The producers of Roquefort and Époisses de Bourgogne may view it as infernal rind but the world's best cheese comes from England. Cornish Blue, made in Liskeard by Philip and Carol Stansfield, nosed ahead of 2,600 entries from 26 countries to win this year's World Cheese Awards.
This cows' milk cheese has a freshness that is a world away from the briny tang of Roquefort or the aged complexity of Stilton. Creamy and young, it is a wholly different approach to blue cheese.
Of course, the great classics will retain their place on the cheeseboard, but Britain's willingness to accept lactic innovation means they have been joined by a host of newcomers. According to Juliet Harbutt, organiser of the World Cheese Awards, we now have a choice of 700 homegrown cheeses while the French have only 600 fromages to savour. If this means we are heading for anarchy, in line with de Gaulle's famous dictum about the ungovernability of a country that produces many different kinds of cheese, it seems a small price to pay.
Our fabulous curds are a major pleasure of modern Britain. I find myself increasingly sniffing out our native cheeses from the tempting array of wedges, chunks and rounds in supermarkets and specialist shops.
Partly due to this country's adventurous palate and partly due to the niggardly return on fresh milk, artisan cheese-making is a bright spot amid the prevailing gloom of agribusiness.
The sharp, creamy tang of traditional Stiltons such as Colston Bassett has been challenged by Stilchilton, a Stilton-type cheese but made from unpasteurised milk. The result is enjoyably different – a degree or two milder (not always a bad thing in cheese) but with greater finesse. "Would it put people off if I said it was a girlie Stilton?" inquired my wife.
The monumental Cheddars such as Montgomery and Keen's Farm that are the best hard cheeses not only in Britain but the world have been joined by Lincolnshire Poacher, a distinguished wedge that does a tangy dance on the palate. Another hard-won triumph is Berkswell. Made in the eponymous Warwickshire village, this cheese delivers a surprise within its gnarled, ancient rind. Resonant and complex, there is a suggestion of coconut.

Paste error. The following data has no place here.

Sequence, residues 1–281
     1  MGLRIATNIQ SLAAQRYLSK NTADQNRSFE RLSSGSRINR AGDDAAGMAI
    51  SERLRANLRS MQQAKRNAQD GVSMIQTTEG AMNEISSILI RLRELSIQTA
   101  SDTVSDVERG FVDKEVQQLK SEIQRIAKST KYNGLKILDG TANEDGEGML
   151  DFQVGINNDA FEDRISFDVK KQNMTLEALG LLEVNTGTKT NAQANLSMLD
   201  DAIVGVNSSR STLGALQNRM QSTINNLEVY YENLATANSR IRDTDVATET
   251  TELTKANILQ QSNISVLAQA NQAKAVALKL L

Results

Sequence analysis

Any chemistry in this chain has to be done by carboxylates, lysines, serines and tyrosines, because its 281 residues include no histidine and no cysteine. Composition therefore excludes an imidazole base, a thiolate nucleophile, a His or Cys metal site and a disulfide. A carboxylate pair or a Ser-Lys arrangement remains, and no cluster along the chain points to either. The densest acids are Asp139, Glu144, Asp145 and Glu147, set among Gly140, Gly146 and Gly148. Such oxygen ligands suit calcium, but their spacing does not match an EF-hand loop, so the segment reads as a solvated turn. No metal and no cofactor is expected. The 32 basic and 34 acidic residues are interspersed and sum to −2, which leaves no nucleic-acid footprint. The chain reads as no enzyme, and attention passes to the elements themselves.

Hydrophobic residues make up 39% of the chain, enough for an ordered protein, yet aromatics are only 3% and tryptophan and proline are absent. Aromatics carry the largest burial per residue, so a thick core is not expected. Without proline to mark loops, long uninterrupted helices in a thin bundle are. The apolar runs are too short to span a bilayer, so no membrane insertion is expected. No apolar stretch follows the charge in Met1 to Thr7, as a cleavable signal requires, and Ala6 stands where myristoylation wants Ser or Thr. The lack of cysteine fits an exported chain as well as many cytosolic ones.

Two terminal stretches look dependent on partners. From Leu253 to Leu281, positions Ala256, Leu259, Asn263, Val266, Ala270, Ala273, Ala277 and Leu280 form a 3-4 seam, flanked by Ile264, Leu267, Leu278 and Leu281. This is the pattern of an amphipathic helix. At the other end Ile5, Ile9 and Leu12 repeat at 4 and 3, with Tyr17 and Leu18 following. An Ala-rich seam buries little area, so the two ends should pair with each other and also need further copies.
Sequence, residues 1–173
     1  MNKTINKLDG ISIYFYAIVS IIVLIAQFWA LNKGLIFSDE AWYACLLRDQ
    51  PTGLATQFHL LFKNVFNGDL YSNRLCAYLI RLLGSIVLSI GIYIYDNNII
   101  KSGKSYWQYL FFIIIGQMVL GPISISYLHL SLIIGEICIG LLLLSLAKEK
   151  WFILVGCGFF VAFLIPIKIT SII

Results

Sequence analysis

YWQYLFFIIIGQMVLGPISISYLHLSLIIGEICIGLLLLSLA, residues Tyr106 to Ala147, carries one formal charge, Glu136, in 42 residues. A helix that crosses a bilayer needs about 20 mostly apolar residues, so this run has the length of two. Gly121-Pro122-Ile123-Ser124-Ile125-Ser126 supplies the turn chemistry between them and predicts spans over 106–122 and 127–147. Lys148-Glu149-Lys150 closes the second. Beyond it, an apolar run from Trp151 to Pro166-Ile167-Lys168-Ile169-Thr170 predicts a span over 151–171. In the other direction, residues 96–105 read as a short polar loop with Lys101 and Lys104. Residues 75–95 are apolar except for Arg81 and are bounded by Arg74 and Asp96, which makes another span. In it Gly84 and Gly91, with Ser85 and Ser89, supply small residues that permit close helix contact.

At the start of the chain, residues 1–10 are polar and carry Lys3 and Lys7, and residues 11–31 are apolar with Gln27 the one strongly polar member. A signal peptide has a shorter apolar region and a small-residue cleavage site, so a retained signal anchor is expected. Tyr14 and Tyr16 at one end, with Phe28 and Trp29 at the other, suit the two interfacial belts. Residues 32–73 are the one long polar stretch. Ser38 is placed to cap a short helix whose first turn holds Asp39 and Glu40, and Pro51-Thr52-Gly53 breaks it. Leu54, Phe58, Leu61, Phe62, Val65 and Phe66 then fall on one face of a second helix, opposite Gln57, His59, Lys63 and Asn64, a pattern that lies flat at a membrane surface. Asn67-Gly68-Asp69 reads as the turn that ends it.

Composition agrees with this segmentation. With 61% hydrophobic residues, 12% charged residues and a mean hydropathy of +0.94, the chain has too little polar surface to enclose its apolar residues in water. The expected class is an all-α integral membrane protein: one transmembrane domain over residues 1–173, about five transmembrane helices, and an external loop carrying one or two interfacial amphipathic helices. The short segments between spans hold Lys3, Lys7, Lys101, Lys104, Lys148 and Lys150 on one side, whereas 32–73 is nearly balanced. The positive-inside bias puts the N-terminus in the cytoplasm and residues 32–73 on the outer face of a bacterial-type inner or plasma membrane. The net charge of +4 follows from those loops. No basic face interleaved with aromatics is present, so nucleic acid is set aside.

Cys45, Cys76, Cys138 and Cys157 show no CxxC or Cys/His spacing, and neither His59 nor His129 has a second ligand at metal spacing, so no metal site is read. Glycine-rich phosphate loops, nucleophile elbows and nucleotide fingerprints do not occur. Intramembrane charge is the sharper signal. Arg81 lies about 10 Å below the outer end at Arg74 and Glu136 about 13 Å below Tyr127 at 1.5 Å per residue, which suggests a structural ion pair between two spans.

Cornish blue is only one of a host of new cheeses that have benefited from introduction of the penicillin culture. Yorkshire Blue is a mild, creamy pleasure that asserts itself without a hint of aggression. Blue Monday from Alex James, an Independent columnist, World Cheese Awards judge, and probably the only celebrity cheesemaker, has been likened to "a great Gorgonzola" by restaurateur and food writer Mark Hix. Made from unpasteurised milk in Lincolnshire, Cote Hill Blue is a butter-rich cheese with the texture of Camembert but enlivened with little blue veins.
An utterly different cheese of ovine provenance is Swallet from Cumbia. With a Camembert-style ooziness, it tastes sweet, light and floral. Made only between spring and autumn, it is summer in cheese form. The nettle-wrapped revival known as Cornish Yarg achieves a miraculous multi-layered depth of flavour for a fresh cheese. Despite being rind-washed, which often imparts a suggestion of sweaty socks, Stinking Bishop from Gloucestershire is a misnomer: it is grassy, fresh and pleasant.
A final mention should go to last year's winner at the World Cheese Awards, which by some weird coincidence also came from Britain. Made at the High Weald Dairy in West Sussex, St Giles has the orange rind of the French favourite St Paulin but tastes miles better. Its delicious buttery flavour has a delectable hint of fruit.
If this cheesy paean prompts you to explore fragrant newcomers, you will have a treat in store, but may I offer a word of warning? A piece of cheese is an affordable luxury even in the chilly depths of recession, but watch your step when faced with the nigh-on irresistible temptation offered by variety. When I recently dispatched my wife to buy samples of British cheeses for an article in another publication, I was surprised to receive a bill for £141.54 for 21 chunks. Only those with a good wedge in their pocket should go mad at the cheese counter.
Hirst's best of British
A truly stupendous experience. Mellow, rich, complex, satisfying – even the French love it.
The best cheese in the world. Nutty, great with biscuits or bread, its character hints at its farm origins.
Despite its light texture, it offers a range of flavours from citric to leafy with a lovely aftertaste.
A subtle classic with an addictive appeal that has enjoyed a revival in recent years. The rival called Richard III is appropriately characterful.
The matured splendidly known as "Tasty" is a wonderful sandwich cheese, it may be even better when grilled to a golden tan in a Welsh Rabbit.